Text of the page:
Chapter 8. Staying Connected to the World

I think 65 is a phony age. I don't see why we should be losing the productivity of people at a certain age. There is very little reason why there should be an artificial age limitation at all.

Elinor Guggenheimer, author

If Jack McKeon can win a World Series at age 72, I've got to believe I've still got a few wins left in me.

68-year-old retiree

The modern retiree has no patience with stereotypes about aging and is establishing new cornerstones for a redefined retirement living. In the process of doing so, according to the Hart study, "Americans aged 50 to 75 speak with a loud and harmonious voice in describing their approach to retirement and later life and, in doing so, they are laying to rest many traditional clichés." The new definition of retirement overwhelmingly advocated by today's retiree is one that emphasizes activity and engagement over leisure and rest. About 70 percent of those aged 50 to 75 (both retired and not yet retired) who were surveyed said they view retirement as "a time to begin a new chapter in life by being active and involved, starting new activities, and setting new goals." It is a time to break out of the cocoon, not go into one. Only 28 percent of those in this age group preferred the definition offered by traditional retirement as "a time to take it easy, take care of yourself, enjoy leisure activities, and take a much deserved rest from work and responsibilities."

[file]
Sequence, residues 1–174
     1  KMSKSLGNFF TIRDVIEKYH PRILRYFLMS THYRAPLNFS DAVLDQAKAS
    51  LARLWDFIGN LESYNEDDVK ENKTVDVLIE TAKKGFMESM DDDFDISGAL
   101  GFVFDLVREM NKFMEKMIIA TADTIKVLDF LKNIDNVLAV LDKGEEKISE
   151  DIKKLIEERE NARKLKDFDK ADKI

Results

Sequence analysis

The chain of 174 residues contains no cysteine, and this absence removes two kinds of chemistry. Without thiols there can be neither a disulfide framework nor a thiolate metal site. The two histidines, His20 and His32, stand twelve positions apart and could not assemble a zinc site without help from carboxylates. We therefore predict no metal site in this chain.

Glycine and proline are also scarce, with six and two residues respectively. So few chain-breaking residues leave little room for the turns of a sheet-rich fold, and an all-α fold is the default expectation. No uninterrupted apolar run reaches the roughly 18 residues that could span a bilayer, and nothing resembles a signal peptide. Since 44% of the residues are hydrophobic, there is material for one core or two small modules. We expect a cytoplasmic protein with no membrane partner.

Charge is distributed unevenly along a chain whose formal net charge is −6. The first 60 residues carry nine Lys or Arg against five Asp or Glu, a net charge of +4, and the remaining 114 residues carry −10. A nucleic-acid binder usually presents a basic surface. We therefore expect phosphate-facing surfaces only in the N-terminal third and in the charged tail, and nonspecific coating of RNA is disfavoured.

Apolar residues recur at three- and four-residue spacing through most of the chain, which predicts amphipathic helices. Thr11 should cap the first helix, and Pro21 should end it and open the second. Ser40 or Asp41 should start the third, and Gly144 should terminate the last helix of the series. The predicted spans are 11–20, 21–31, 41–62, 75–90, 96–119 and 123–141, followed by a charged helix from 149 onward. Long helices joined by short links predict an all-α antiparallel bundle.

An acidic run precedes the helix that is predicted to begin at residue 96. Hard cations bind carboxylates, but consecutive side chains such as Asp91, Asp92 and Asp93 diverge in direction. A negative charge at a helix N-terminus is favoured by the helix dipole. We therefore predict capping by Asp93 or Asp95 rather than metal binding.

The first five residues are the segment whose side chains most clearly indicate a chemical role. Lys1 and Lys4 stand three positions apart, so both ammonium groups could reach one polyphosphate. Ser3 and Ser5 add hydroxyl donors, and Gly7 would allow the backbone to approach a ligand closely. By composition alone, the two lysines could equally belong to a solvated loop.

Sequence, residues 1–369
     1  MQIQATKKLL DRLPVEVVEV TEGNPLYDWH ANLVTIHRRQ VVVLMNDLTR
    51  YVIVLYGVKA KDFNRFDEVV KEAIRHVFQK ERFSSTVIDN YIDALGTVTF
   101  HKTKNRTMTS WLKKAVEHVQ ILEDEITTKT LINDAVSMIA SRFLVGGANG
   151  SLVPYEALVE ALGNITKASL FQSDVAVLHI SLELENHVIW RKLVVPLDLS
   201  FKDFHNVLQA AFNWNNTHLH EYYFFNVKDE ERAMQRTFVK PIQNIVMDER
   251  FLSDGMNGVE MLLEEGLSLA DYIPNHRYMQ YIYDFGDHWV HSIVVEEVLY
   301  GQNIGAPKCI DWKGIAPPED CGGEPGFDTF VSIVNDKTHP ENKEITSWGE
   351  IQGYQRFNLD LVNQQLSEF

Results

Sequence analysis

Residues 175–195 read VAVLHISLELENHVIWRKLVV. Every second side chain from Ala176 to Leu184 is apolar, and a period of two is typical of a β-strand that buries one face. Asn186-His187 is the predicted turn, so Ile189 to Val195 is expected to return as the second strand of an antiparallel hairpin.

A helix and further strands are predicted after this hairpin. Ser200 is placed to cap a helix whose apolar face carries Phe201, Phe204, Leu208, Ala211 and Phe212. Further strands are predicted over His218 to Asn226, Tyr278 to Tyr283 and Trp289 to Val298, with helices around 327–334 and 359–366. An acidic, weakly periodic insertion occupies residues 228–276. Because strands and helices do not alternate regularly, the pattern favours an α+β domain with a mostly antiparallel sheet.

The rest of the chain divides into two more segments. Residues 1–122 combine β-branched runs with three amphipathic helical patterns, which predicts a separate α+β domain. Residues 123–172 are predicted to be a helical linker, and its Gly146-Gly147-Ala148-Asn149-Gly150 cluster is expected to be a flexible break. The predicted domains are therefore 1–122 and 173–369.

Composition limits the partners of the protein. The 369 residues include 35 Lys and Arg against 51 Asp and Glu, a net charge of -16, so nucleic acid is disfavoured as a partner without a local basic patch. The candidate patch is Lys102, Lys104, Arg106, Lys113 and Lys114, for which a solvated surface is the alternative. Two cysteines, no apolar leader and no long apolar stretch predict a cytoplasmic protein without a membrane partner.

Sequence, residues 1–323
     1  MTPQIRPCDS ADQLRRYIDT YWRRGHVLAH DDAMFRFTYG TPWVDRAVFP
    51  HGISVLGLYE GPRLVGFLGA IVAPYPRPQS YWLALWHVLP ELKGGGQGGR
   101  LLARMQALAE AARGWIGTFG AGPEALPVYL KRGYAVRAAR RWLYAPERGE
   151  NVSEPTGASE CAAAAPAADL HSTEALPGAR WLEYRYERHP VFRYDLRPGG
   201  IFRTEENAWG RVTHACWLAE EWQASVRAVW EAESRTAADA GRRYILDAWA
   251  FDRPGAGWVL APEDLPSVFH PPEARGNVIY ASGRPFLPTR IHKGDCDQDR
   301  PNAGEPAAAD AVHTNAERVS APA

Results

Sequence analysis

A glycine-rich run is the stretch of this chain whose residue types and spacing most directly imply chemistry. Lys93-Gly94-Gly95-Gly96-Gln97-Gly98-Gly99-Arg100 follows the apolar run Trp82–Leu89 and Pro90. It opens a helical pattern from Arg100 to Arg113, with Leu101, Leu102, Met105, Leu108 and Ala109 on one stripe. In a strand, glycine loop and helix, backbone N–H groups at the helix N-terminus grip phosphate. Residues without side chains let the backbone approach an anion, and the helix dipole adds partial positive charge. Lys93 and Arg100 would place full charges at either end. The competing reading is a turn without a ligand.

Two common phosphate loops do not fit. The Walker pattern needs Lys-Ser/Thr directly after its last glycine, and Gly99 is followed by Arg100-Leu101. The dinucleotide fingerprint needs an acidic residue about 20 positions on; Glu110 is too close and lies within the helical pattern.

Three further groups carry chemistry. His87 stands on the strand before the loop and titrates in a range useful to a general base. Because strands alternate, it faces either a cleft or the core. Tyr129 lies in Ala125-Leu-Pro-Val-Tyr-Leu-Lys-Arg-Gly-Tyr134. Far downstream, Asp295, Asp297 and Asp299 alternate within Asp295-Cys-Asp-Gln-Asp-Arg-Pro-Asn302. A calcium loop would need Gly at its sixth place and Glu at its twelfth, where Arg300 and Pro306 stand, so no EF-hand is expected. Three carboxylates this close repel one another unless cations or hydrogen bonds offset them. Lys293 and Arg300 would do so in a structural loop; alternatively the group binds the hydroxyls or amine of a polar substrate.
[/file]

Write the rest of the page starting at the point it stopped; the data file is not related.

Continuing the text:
It is important to note the diversity of the ...

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